The DaaS Comparison
WhatMatrix launched its DaaS (Desktop as a Service) comparison last year initially presenting a comparison of Citrix, VMware, Nutanix and, later that year, added CloudJumper to the mix. The comparison looks at the leading DaaS platforms in the industry and helps you understand their capabilities and feature-set in a cloud delivery model. This new update adds Microsoft Windows Virtual Desktop (WVD) to the existing solutions.
Microsoft WVD was first announced in September 2018, available as a public preview in March 2019, and generally available at the end of September 2019. The current DaaS comparison has now been updated to include WVD. The solution is still in an early stage of adoption with many enterprises doing a pilot or proof of concept while Microsoft is releasing new features as we move along. The current release is named Windows Virtual Desktop Spring Update and released on 30th April 2020 and has entered Public Preview.
Current State of VDI
Virtual Desktops has always been there as part of the workpsace solution stack, but it was never leading the pack because of various reasons:
- Lack of support from Microsoft on enabling this
- Users being deskbound
- Applications and services bound to Data center
- Remote working not being among Enterprises’ strategy
All of the above meant that Virtual Workspaces was always part of the conversation but was limited to some use cases and not the mainstream or primary solution in the work place. Over time the above-mentioned scenario has been changing slowly. Virtual Desktop Infrastructure (VDI), which had been primarily on-premises, is making a move towards DaaS in Cloud (services and workers):
- Applications and services being moved to Cloud
- Anytime, anywhere work becoming widespread
- Microsoft getting onboard to offer its own virtualization solution
- Contract working and Gig economy is gaining prominence
Another factor that added to all of the above, and accelerated the adoption of DaaS solutions, is the recent unfortunate outbreak of COVID-19. This will have far greater impact on how businesses and Governments will be operating in the near future. The COVID-19 outbreak has mandated social distancing which can be effectively achieved by making a Virtual Workspace enabled via VDI. In this new era of working, Virtual Workspaces enabled via VDI can be used to ensure productivity of an employee, availability of Government services, enable learning for students and many more use cases.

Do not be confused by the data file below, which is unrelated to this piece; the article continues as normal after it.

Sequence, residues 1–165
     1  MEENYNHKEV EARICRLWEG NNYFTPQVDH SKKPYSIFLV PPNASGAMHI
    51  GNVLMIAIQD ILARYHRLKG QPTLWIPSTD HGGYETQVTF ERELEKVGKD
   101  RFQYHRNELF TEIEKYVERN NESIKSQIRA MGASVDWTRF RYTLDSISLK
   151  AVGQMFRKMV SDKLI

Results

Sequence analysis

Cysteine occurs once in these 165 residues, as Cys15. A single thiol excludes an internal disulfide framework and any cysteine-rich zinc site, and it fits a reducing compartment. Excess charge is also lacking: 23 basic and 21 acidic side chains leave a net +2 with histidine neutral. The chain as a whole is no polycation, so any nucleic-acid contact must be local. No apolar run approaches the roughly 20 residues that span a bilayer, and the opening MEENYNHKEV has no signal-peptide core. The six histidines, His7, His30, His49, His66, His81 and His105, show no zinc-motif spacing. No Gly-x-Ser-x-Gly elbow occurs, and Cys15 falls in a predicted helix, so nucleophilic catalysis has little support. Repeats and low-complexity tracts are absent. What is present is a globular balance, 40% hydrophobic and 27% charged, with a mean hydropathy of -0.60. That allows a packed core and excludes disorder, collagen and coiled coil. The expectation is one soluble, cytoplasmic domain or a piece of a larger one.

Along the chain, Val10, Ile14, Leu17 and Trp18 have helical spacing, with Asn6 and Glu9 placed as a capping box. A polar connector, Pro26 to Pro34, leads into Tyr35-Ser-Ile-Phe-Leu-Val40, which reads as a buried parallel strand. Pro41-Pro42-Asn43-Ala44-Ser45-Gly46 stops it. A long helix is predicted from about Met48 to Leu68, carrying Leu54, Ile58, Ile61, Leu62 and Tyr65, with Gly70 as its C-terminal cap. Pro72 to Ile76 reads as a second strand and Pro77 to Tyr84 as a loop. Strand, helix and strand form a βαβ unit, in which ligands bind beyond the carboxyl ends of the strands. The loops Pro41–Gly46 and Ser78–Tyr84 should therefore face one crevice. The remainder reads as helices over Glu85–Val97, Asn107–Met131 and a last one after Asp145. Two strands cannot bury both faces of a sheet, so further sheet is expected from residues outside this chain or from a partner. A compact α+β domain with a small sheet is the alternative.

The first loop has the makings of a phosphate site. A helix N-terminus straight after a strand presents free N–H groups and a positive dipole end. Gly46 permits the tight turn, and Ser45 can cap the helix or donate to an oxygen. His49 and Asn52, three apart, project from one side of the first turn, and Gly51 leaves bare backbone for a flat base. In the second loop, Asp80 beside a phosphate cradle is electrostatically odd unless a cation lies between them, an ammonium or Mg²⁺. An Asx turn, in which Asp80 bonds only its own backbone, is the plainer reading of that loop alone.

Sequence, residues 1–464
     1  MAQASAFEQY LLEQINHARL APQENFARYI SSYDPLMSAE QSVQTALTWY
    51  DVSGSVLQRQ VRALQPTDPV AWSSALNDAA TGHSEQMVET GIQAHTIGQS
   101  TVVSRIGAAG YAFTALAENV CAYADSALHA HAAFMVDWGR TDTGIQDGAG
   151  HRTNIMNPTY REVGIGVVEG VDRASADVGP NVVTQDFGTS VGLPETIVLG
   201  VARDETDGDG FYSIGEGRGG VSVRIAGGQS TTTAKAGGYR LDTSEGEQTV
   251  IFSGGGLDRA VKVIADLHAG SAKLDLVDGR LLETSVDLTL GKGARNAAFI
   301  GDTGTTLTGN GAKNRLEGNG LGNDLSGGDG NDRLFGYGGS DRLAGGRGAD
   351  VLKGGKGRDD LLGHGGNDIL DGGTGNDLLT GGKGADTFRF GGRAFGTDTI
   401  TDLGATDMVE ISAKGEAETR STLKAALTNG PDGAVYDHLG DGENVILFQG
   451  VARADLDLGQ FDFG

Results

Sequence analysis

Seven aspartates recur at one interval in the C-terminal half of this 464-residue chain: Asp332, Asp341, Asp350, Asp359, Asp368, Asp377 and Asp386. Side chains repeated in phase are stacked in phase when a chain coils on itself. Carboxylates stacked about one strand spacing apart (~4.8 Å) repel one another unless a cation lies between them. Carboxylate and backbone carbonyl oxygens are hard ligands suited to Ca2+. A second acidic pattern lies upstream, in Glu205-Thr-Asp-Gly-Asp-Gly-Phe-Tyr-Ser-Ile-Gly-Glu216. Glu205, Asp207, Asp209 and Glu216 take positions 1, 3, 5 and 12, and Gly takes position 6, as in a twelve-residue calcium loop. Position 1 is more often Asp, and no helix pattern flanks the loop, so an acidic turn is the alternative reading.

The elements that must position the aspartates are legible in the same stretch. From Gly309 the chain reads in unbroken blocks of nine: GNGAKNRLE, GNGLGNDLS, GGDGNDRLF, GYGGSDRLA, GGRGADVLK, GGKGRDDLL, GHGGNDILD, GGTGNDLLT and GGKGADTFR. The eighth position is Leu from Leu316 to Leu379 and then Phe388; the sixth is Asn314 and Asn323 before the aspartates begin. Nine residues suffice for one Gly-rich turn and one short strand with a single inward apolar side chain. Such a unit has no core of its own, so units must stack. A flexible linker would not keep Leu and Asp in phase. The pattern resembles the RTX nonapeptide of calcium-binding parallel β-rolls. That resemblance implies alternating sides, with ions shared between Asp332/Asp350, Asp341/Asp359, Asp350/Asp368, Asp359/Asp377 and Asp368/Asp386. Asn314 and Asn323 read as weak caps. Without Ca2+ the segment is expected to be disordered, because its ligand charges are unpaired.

Microsoft Windows Virtual Desktop DaaS
Windows Virtual Desktop (WVD) is a desktop and application virtualization service running on Azure. The service delivers management plane, Windows 10 VDI (persistent & non-persistent desktops), multi-session Windows 10, and Remote Desktop Services (RDS) environments from Azure Cloud.
WVD service helps solves many DaaS challenges, some of which are:
- Enable anytime anywhere access from every device
- Scale up and down quickly as per business needs
- Run legacy applications a bit longer on Windows 7, while executing the move to other platforms
- Easier management and move from OpEx to CapEx model
- Proximity of MS applications (One Drive, Email, SharePoint Online, etc.) and Desktop (WVD Desktop) on same Cloud improves performance and end user experience
Benefits of using WVD
- WVD is a Software-as-a-Service (SaaS) service hence no infrastructure hosting required to host a virtual desktop
- Extended support of Windows 7 for next 3 years
- Availability of both full session desktops and remote publishing of applications
- Windows WVD is optimized for using Office 365 ProPlus
- Windows 10 Multi session, true Windows 10 experience and multiple sessions on a machine
With the bundling of FSLogix and availability of Windows 10, multi session gives the solution a market edge in certain use cases. The service is available globally for enterprise clients, with Government Cloud predicted to be offered sometime later in 2020.
One more reason why WVD is gaining traction in the market is because of licensing. Many of the Microsoft clients are already licensed for WVD as part of their existing plans and they only need to pay for compute, storage and networking on the Azure Cloud platform.
The solution is evolving fast and in coming months focus is required on management, operations, reporting and the partner eco-system to make WVD a mature solution. Currently, management tasks are done via PowerShell and the scaling of solution for various use cases is something that is evolving. Performance and end user experience is something that would become more apparent as we move towards more and more enterprise implementations. For more information in General head over to our comparison or you can see additional information from Microsoft
WhatMatrix Team and Community
This endeavor would not have been complete without the help of our community, a team that has contributed to this comparison, updating it and introducing new and relevant information from time to time. Thanks to Stefan Dingemanse, Rory Monaghan and David Marshall. Please do share your feedback & ideas on how we can improve this comparison further or any other comparisons you would like to see.
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